5. All human governments are inherently evil, for inability is never punished, and natural attributes are not considered evil.
6. The physical change that happened at the fall removed the sinner from the obligation to obey the moral law, for the moral law addresses only those able to obey it.
7. A physical change is necessary in regeneration.
8. If a physical change occurs, then a loss of identity occurs, however, Paul was always Paul.
9. God saving man from sin would be a matter of justice and not grace
10. God would be obligated, by justice, to relieve the unfortunate, rather than be gracious to the rebel.
11. Jesus did not become Man, with a sinful nature:
Therefore, he was not tempted in all points like as we are, nor touched with the feelings of our infirmities.
12. The will is not free.
13. How could Adam and Eve Sin?
14. How could angels sin?
15. Children go to hell.
16. All aborted babies go to hell.
17. Abortion would actually be a good thing as it actually decreases the amount of moral depravity occurring in the world. Few sinners born = a better world!
18. Sin is a calamity, not a crime
19. Repentance is impossible, because the conscience will never condemn the sinner of his inability.
20. Immediate repentance and submission cannot be urged immediately upon the sinner. Because He CAN"T.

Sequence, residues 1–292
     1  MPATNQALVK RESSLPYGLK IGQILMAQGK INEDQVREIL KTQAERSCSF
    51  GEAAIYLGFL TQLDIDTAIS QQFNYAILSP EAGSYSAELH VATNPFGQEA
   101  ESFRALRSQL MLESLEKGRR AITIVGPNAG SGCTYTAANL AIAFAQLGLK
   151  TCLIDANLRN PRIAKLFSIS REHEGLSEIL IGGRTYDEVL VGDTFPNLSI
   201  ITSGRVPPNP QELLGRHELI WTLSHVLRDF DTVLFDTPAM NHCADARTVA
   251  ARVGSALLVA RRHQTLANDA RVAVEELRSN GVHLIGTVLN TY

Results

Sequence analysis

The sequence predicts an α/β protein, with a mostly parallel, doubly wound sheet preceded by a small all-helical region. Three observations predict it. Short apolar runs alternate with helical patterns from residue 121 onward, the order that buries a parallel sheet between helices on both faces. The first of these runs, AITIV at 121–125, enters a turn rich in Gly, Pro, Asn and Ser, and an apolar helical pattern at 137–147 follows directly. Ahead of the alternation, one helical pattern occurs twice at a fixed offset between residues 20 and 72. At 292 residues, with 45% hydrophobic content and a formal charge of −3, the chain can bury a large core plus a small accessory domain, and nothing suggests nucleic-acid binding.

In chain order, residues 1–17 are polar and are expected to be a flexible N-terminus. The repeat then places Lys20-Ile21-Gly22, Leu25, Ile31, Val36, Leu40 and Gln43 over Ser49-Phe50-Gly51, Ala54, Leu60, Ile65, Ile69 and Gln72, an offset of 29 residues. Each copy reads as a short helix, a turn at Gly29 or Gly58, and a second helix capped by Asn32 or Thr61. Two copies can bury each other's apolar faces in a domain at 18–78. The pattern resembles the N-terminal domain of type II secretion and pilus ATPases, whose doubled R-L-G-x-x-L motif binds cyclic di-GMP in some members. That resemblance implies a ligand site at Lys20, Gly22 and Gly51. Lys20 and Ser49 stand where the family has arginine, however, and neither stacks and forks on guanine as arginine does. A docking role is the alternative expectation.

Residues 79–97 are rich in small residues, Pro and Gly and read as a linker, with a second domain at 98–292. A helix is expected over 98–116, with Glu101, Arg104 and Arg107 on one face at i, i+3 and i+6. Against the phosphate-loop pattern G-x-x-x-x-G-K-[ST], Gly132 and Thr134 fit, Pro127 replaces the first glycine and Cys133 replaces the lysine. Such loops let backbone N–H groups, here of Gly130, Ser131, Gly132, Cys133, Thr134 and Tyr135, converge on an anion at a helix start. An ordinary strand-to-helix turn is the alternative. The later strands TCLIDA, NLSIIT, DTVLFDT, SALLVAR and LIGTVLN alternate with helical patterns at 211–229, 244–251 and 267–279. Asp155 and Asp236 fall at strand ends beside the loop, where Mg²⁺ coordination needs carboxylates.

21. Man is unable to repent.
22. Physical regeneration is necessary
This leads to universalism: FOR-
If Power changes one's nature in regeneration
If God is all powerful
If God is benevolent,
HE must therefore, in justice, regenerate all sinners
23. It regards the atonement of Christ as unnecessary. he did not have to die for the misfortune of men.
* I changed the Title for our Friend Anonymous Calvinist as I think he was a little confused as to the content of this peice.
October 18, 2008
I want to share this as another example of what's wrong with Calvinism. Keller and company are essentially discussing what they have coined as "Christ-centered" theology. Now on the outset this sounds really good. But the deception here is what they are truly promoting is "Lawlessness"!
Notice at about 2:30 into the video you will hear Tim Keller explain that Calvinism is neither "cheap grace" or "moralism" or "relativism" or "legalism", but someone in the "middle" - in other words Calvisnism it is at neither end of the doctrinal spectrum but somewhere in the middle. This all sounds really good, but what these gents are really promoting is "lawlessness" disguised as "grace". The underlining deception is that they are promoting a belief that the moral laws of God are either too difficult to keep or that man lacks the capacity or the ability in keeping God's Moral Law. This of course is a result of their adherence to Original Sin/Total Depravity.